• I liked this book alot ,it's about a British sniper platoon in al al-almarah in Iraq. Coincidentally last week I saw Johnson Beharry VC on the BBC news , his story it tied into this book. It’s non stop action, you will fly through this book it’s very easy to read, and it gives a great insight in to modern day battle in Iraq.

    If you liked Ross Kemp in Afganistan do not miss this book.

    As usual you can check out the online reviews, I think it’s up to 120 x 5 star ratings at the moment on amazon.




  • Can’t praise this book enough , a great read if you like books about ancient Rome. Way better than Simon Scarrow or Con Iggulden , this gripping and moving novel tells of the fall of the roman empire and one man’s attempt to stay true to his beliefs. It’s a book i will keep in my collection and not lend out, i don’t want to lose it.

    According to Wikipedia The character of Maximus is loosely based on the real-life Marcus, who was declared Emperor of the West by his legions in Britannia but was soon executed. The Germanic invasion that Maximus defends against was the real Germanic invasion of Gaul in AD 406.

    Also check out tha amazon reviews for yourself.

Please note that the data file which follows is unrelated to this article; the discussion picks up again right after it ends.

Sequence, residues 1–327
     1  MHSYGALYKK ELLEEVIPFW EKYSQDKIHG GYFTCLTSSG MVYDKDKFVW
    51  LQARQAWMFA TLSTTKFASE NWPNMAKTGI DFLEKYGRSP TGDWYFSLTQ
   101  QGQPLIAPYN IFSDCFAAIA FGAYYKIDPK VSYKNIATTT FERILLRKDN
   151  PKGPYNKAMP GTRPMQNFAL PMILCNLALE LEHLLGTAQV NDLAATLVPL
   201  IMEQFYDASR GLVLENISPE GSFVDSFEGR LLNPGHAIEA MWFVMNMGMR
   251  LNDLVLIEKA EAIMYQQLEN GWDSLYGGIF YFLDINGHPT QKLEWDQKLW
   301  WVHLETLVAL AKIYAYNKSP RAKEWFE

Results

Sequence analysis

• This Guy has a huge following at home in Poland ,and around the world now that his books are been translated into English. As a big fantasy fan I was looking forward to reading something new by a new author. Also having read the numerous reviews praising his work I thought I was in for a treat. To tell the truth I found it tough going and his type of story telling a bit dated. The main character Geralt I liked, I just got bored with all the folksy monsters and fairytale characters. Maybe in the future I will try another of his books but I won’t be in a hurry.




  • It may look like I'am falling way behind in the 50 book quest.But the fact is I am currently reading 3 books at the moment.

    Shadowmarch by tad williams 25% read

    Atilla by William Napier 50% read

    Shadows edge by Brent Weeks 60 % read

    I think I got a fright when I checked out the amount of unread books under the Bed.

    Tyrant by valerio Manfredi
    The steel remains by richard Morgan
    Furher-ex by Ingo Hasselbach